Hershey sued for information on use of child labor in cocoa supplies
By Tom Hals
(Reuters) - The Hershey Co (HSY.N: Quote) should turn over records that could reveal the leading U.S. chocolate maker violated federal child trafficking laws by using cocoa from West Africa, according to a lawsuit filed by a public pension fund.
The lawsuit by the Louisiana Municipal Police Employees' Retirement System, a Hershey shareholder, seeks documents which could determine if the candymaker knew its suppliers in Ghana and Ivory Coast used child labor.
"By producing chocolate at its Pennsylvania factory that is the product of child and forced labor in West Africa, Hershey has flouted domestic and foreign law and placed at risk its century old brand and reputation," said the complaint.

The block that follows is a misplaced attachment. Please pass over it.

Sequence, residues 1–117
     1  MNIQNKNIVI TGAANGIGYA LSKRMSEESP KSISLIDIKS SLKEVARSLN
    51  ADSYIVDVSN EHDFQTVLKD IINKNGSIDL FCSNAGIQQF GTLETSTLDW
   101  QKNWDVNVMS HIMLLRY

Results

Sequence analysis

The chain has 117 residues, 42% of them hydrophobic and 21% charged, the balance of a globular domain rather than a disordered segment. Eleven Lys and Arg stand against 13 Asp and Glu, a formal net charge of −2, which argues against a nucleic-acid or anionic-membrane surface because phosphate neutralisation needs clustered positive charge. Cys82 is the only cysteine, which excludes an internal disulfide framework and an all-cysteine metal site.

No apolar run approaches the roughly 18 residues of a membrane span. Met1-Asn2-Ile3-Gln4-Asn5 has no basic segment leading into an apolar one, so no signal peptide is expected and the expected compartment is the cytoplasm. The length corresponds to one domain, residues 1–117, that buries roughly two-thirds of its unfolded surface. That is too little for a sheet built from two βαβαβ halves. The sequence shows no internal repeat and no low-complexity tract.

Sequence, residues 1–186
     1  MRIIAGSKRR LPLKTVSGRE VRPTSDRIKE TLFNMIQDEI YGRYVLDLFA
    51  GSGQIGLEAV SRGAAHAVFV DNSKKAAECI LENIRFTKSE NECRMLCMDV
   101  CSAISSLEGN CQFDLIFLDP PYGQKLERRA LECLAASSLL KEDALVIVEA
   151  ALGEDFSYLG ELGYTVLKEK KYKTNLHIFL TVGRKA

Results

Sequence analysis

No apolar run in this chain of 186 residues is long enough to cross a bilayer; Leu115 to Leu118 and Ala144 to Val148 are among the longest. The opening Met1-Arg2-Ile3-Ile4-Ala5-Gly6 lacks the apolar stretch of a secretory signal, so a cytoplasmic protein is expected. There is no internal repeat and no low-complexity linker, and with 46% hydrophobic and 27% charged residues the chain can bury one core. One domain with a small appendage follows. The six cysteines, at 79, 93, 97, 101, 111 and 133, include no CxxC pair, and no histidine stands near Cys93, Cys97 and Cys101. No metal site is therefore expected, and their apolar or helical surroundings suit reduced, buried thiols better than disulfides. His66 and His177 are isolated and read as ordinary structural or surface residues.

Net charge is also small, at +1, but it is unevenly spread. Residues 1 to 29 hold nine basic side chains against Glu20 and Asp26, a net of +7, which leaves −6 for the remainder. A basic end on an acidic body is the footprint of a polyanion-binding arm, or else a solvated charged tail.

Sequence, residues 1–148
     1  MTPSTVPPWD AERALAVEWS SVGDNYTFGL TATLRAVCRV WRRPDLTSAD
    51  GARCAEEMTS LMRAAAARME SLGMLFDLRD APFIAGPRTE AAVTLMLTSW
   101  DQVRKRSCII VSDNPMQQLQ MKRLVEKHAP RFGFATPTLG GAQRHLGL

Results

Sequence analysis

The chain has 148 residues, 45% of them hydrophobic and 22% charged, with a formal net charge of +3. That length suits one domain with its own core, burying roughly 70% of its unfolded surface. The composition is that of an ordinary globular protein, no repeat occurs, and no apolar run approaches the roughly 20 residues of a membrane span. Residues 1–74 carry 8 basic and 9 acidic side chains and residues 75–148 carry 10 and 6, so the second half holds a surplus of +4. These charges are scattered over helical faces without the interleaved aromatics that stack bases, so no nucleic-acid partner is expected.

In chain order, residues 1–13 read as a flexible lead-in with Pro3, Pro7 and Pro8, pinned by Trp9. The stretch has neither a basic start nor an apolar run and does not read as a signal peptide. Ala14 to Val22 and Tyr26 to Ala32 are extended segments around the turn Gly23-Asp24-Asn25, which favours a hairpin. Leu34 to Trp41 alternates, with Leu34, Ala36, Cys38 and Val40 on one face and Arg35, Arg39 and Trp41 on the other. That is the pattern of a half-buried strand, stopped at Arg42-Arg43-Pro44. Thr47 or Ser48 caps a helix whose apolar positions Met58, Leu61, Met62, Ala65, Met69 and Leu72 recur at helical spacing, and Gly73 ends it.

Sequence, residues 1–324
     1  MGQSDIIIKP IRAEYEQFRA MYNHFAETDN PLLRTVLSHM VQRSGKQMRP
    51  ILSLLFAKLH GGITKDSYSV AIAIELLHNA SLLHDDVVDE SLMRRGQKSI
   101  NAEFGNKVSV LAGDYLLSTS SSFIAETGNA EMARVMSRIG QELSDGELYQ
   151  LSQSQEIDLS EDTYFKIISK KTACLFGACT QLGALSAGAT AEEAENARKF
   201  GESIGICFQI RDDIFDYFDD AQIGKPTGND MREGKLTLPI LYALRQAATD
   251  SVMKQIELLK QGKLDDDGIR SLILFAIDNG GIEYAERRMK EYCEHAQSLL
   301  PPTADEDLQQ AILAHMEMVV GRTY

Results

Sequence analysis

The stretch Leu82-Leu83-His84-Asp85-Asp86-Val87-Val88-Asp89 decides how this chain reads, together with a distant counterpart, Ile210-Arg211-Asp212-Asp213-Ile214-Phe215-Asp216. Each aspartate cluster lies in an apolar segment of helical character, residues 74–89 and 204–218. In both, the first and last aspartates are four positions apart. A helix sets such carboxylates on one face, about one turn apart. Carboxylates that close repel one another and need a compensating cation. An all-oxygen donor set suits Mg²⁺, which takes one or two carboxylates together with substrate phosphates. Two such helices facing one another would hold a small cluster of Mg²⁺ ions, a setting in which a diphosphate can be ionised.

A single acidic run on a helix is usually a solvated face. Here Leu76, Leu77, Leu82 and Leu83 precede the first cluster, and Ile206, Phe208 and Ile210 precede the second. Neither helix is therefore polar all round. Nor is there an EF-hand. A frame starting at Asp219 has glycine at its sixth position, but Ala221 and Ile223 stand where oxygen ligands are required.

The lawsuit was filed in the Court of Chancery in Delaware, where the Hershey, Pennsylvania-based company is incorporated.
Hershey said in October it was committed to ensuring that all of its cocoa by 2020 will come from suppliers that meet international labor standards.
"We have been involved in on-the-ground programs, working with public and private partners, to help eliminate inappropriate labor practices in cocoa communities," said a statement from Hershey on Thursday. Jeff Beckman, a company spokesman, declined to comment on the lawsuit.
A 2011 study by Tulane University found that 1.8 million children in the Ivory Coast and Ghana work in the cocoa industry and that the vast majority of them are unpaid. The study also found evidence of child-trafficking, forced labor and other violations of internationally accepted labor practices.
If the court forces Hershey to turn over the documents, the pension fund could look for evidence to bring a lawsuit against the company and its directors. With evidence, the fund said it could claim Hershey violated anti-trafficking laws and knowingly benefited from a supplier using child labor. Continued...